Challenges (& opportunities) of transitioning from student to newly-qualified physiotherapist during and after COVID


Entering the job market in 2021 is different to any other year.

It is an unprecedented time for the country and the NHS, and the workforce has been forced to become even more resilient in order to adapt and overcome.

First of all - well done for sticking through your studies through such a difficult time! đź’Şđź‘Ź

You’ve all been working hard as well as your educators and teachers in making sure your learning continues. The CSP, HCPC and Universities also have had to navigate in uncharted territories. 

Going through a degree and becoming a registered physiotherapist or healthcare professional when the healthcare system is under such immense pressure, for sure is one hell of a challenge.

Educators who normally would have been offering plenty of placement opportunities may have not been able to this past year. This is why you’ve probably seen increased flexibility in practice-based learning during your degree, and how you’ve been able to meet your 1000-hour requirement for graduation.

We’ve seen students doing their clinical hours in less traditional placements such as in QI or in project leading areas. Most of you have experienced technology with seeing patients over virtual platforms or simply studying from home. Some of the students we have worked with in 2020 even had their only MSK experience as a virtual placement. You may have also been helping on the frontline, sometimes even on COVID wards, in one capacity or another...

Lots of those changes were going to happen anyway. The profession is moving towards a more digital, more virtual era. We’re also moving towards rehabbing patients away from the hospital, within the community, and become more all-rounder, versatile therapists - away from those "core" areas of physiotherapy. Our future patients will be increasingly complex, with multiple problems and conditions. So, in a way, Covid gave the profession an extra push in the direction it was already going. And those skills you've gained over the last year will be seen as super valuable to any employer out there!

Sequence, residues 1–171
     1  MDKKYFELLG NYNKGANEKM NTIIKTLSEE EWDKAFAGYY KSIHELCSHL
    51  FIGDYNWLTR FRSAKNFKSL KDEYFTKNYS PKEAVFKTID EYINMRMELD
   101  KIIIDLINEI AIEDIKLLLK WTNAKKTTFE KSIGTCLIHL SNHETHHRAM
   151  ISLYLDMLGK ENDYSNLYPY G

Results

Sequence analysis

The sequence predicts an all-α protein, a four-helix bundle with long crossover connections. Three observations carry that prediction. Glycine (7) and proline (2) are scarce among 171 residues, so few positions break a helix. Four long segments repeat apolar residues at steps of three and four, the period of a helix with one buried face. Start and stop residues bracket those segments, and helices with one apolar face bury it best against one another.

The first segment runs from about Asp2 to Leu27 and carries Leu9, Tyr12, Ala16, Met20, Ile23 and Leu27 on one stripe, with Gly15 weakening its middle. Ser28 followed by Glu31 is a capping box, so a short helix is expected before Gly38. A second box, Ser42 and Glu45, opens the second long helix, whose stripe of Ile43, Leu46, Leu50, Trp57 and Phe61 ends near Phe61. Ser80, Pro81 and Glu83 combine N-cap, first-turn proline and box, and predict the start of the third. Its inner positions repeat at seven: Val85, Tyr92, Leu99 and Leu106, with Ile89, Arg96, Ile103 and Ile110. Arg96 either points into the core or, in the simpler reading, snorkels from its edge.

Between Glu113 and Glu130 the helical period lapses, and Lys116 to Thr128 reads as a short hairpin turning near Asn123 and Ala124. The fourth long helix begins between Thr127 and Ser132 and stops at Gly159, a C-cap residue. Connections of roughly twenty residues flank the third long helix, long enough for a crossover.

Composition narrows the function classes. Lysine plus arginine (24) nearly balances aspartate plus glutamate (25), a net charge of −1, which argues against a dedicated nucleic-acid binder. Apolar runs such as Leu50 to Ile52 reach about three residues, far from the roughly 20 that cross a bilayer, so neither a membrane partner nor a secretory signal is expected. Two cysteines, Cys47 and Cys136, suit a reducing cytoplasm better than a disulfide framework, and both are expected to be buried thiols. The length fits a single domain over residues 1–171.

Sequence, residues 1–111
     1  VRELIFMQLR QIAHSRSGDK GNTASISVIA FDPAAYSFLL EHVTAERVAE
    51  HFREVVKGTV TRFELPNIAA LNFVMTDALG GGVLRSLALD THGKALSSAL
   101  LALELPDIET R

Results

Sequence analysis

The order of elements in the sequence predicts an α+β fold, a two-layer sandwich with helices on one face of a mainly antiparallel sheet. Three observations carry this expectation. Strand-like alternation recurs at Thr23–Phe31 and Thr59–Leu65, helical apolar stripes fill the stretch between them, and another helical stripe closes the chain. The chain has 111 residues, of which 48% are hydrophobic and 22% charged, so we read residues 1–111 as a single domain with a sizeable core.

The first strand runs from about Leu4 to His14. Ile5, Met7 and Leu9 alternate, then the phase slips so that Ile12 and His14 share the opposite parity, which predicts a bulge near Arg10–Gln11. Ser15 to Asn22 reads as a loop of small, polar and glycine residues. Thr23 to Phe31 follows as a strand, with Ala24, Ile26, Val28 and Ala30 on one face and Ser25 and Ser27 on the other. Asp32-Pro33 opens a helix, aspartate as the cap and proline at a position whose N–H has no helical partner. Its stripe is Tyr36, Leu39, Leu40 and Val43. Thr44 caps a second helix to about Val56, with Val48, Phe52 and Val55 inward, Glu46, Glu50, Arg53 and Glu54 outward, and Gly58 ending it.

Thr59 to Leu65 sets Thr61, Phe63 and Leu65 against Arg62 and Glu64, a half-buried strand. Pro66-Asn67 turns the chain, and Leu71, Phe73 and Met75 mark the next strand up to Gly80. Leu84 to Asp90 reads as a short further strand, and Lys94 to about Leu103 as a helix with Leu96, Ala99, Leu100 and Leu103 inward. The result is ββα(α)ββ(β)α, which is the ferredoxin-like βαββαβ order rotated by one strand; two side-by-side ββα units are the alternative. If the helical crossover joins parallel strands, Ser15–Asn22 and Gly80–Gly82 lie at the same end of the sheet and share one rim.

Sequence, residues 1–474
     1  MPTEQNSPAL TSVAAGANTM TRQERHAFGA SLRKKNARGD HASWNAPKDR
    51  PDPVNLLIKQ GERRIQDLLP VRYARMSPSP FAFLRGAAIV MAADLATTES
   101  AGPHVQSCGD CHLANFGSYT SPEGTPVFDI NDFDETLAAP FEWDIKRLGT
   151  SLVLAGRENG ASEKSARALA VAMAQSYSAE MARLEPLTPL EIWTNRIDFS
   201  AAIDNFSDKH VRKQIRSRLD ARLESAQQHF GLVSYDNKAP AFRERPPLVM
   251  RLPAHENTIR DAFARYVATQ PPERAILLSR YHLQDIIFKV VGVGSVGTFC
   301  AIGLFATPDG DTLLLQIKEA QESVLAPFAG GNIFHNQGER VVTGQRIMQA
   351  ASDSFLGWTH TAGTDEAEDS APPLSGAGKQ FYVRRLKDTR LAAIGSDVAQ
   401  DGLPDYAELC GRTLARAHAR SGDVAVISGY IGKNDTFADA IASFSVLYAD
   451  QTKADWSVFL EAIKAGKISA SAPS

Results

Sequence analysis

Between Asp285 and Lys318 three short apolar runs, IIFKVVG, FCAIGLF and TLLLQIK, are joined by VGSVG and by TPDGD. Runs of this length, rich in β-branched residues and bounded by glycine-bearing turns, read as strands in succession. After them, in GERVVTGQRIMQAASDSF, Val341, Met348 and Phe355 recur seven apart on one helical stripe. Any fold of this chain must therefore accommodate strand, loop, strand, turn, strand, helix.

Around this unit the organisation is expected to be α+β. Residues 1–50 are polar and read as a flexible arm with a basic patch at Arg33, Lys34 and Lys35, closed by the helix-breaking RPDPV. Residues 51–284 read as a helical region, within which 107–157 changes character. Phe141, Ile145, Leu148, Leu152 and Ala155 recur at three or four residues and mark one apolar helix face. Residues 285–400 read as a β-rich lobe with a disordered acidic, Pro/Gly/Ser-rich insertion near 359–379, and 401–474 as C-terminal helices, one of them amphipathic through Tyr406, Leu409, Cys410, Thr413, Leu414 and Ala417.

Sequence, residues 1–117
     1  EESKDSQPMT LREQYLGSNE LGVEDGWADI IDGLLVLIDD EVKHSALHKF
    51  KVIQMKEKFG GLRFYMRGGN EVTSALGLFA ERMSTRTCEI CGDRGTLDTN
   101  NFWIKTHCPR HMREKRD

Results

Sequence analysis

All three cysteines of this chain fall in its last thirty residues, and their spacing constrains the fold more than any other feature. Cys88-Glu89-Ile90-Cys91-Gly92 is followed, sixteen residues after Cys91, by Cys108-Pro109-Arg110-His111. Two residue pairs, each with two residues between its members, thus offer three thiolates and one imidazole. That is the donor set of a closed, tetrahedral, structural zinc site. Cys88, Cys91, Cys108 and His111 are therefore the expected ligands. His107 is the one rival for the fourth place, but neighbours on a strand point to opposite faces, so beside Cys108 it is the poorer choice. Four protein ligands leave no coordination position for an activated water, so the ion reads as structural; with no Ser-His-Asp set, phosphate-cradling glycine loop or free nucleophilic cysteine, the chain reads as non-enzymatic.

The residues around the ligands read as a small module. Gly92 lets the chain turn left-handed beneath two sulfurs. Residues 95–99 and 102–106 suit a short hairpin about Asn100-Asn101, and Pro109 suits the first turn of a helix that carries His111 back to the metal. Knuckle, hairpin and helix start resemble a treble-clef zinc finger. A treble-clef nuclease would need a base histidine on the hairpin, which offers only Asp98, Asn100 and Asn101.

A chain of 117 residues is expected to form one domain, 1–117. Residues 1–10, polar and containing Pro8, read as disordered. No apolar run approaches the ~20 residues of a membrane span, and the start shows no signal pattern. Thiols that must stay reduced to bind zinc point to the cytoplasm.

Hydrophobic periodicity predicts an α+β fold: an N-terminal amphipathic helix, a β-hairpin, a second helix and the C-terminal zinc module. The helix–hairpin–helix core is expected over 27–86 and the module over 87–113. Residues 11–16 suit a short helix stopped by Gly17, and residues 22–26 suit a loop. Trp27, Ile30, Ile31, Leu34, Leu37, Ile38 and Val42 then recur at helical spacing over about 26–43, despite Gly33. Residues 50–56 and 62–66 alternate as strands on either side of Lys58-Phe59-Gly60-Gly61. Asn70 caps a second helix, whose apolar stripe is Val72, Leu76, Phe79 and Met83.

Opportunities and benefits

There have been lots of opportunities to build on from what happened over the last year. The breadth of skills that physio students need to develop should not be limited to face to face hands on skills. Less traditional placement opportunities have helped students build wider communication skills, leadership, research skills - all great transferable skills that will help you develop into a more forward-thinking, resilient and versatile physiotherapist. Skills a junior physio from a few years ago may not have possess when entering the job market!

In fact, many students we worked with in 2020 reported being able to focus more on their subjective questioning, differential diagnoses and clinical reasoning skills. You may not have done an MSK placement but may have picked up MSK skills on a neuro or community placement for instance. You may have learned the investigatory type of questioning needed to do a subjective assessment while leading a project instead of face-to-face with a patient!

So don’t worry if you feel you haven’t had all your “core” placements and don't think like your skills are on par with that person specification you're reading. You'll have developed lots of other transferrable skills that will look very appealing to the employer. It's a matter of realising this, making a note of them, and find your Unique Selling Point. What makes you different to another junior physio?